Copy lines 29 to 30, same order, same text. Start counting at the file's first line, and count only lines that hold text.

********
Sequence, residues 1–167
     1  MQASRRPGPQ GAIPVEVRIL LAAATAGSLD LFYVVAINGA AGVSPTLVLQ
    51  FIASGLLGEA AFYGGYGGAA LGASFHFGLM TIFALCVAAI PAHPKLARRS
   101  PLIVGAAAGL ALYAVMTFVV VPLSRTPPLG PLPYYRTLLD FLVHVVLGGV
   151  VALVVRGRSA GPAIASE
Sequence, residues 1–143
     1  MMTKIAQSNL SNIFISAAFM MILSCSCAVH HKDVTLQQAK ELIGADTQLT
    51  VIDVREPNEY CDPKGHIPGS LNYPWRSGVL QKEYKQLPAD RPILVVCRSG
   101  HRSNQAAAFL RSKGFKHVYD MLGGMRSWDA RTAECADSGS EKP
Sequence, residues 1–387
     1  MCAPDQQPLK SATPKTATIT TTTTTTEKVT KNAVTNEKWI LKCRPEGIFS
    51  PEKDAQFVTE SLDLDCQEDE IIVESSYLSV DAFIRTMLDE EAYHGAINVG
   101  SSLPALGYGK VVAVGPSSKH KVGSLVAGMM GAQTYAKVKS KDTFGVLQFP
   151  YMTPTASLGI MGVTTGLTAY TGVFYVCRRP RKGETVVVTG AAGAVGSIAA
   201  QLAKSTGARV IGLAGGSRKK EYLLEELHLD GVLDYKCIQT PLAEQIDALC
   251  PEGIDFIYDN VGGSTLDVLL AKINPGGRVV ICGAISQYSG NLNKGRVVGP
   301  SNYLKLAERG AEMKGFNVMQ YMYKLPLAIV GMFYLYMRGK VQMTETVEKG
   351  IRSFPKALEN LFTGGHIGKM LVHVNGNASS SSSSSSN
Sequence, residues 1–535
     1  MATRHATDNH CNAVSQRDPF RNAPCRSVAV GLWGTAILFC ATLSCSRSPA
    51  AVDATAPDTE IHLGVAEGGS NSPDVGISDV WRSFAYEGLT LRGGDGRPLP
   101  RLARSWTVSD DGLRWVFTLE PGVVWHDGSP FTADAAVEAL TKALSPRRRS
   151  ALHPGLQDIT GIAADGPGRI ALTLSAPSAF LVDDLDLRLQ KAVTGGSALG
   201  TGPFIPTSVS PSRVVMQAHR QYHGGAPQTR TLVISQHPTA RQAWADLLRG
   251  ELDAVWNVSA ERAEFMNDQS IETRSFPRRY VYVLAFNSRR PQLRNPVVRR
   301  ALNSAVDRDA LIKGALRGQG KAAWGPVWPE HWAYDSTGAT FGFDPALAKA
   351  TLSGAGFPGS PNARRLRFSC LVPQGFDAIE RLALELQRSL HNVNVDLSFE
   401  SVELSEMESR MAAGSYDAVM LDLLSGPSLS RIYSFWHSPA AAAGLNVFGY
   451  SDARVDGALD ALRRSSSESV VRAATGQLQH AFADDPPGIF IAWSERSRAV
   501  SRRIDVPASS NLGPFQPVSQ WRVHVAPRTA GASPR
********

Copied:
   451  SDARVDGALD ALRRSSSESV VRAATGQLQH AFADDPPGIF IAWSERSRAV
   501  SRRIDVPASS NLGPFQPVSQ WRVHVAPRTA GASPR